What is a Monoline
Monoline refers to the practice of specializing in a single line or discipline of the financial services business. It is often used to describe a company operating in only one industry, product or service, such as credit card issuance, mortgages or whole life insurance. The main advantage of operating as a monoline is the competitive advantage that such specialization can offer. Consumers may be more likely to do business with a company that can offer greater knowledge, skill and expertise compared to companies whose operations span many different financial services disciplines or products.
Breaking Down Monoline
Other than the advantages of expertise and focus, monoline companies in the financial services space may be able to achieve greater efficiency. This may allow them to offer more competitive pricing, more aggressive timing, or greater flexibility than a competitor that offers a full line of products and services. They may be able to accommodate unusual cases, take greater risks and offer more personalized service, as well. Monoline companies may be found in a variety of financial services disciplines, such as consumer credit, insurance, mortgages, annuities, securities default insurance and more.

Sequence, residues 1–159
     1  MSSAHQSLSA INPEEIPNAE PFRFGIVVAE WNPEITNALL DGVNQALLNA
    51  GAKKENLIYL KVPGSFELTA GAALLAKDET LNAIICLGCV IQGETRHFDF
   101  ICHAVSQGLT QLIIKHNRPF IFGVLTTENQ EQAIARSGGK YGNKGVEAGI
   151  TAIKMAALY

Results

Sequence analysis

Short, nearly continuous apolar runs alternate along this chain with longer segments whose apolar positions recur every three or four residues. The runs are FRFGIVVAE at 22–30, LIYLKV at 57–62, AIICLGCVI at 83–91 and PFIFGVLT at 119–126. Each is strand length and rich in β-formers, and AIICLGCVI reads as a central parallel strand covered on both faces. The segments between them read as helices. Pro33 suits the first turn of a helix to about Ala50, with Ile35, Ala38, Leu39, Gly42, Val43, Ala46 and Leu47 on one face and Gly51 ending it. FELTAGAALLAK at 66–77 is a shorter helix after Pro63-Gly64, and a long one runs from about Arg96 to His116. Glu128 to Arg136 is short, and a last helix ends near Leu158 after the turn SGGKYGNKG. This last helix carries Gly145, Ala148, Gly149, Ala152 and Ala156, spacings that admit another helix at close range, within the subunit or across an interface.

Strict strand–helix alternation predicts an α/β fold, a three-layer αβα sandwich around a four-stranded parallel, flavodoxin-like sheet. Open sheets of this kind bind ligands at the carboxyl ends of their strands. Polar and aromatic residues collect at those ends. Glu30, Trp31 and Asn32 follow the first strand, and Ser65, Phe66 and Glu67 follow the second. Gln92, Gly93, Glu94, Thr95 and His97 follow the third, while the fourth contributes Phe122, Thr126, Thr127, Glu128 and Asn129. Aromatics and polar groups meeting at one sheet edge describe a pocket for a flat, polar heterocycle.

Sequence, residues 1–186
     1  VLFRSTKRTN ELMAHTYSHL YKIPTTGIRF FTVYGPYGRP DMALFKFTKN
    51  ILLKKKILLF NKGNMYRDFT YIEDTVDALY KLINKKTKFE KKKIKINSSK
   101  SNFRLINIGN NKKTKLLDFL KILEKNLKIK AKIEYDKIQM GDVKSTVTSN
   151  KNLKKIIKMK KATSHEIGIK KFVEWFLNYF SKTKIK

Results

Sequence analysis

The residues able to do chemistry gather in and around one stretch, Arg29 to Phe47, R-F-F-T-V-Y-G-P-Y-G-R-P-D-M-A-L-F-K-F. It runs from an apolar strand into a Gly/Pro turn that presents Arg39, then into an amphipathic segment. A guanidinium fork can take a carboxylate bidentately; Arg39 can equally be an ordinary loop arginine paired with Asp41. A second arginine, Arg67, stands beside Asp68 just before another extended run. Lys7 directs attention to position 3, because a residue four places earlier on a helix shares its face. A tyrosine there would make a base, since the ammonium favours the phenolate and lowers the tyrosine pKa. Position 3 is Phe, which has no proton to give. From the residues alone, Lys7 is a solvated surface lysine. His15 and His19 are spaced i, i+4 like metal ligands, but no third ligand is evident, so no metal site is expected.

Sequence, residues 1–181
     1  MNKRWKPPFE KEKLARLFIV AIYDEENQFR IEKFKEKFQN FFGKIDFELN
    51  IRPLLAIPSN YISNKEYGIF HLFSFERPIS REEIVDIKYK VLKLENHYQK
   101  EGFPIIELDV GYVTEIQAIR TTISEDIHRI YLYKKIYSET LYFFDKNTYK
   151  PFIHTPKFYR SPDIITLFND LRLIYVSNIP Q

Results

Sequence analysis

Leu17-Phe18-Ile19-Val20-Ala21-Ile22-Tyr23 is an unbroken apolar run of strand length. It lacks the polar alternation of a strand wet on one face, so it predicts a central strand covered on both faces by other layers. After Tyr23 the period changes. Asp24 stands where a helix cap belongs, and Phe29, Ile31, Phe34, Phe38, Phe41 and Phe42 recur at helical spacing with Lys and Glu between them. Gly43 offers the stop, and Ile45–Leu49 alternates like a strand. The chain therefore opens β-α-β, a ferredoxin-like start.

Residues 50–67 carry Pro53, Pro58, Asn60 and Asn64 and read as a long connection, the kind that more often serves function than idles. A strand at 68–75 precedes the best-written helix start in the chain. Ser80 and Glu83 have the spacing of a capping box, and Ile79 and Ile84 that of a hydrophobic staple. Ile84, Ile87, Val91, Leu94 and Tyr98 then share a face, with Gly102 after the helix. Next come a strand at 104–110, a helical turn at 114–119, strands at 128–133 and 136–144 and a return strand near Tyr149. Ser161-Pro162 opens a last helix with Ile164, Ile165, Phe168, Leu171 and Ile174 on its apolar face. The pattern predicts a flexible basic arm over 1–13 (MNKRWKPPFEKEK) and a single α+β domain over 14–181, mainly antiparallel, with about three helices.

Monoline lenders are lending banks that focus on providing loans such as mortgages. They do not offer checking or savings accounts or other related services (retirement savings products, credit cards, insurance etc.). Such lenders therefore exist for one purpose and will not attempt to upsell a client to another (more profitable) product or service. Monoline lenders may have very few (or no) physical locations or branches, which may allow they to offer more competitive pricing or rates. By dint of their specialization, they may have relationships in place with mortgage insurers that allow them to be more flexible in their lending practices. Monoline lenders may also be able to provide mortgages or other loans when the bigger banks cannot.
A monoline insurance company is an insurance company that provides coverage for a specific kind of insurable risk. For example, a monoline insurer may make guarantees to debt issuers, often in the form of credit wraps, that enhance the credit of the issuer. As such, they give investors and issuers the confidence to participate in the market by providing liquidity and financial protection in case of default. Without fully understanding the entire system and how it all comes together, a company is unable to provide its customers with quality service. Due to the expertise that monoline companies have in the industry, they are able to reduce operating cost, enhance customer service and evaluate/manage risk much more efficiently.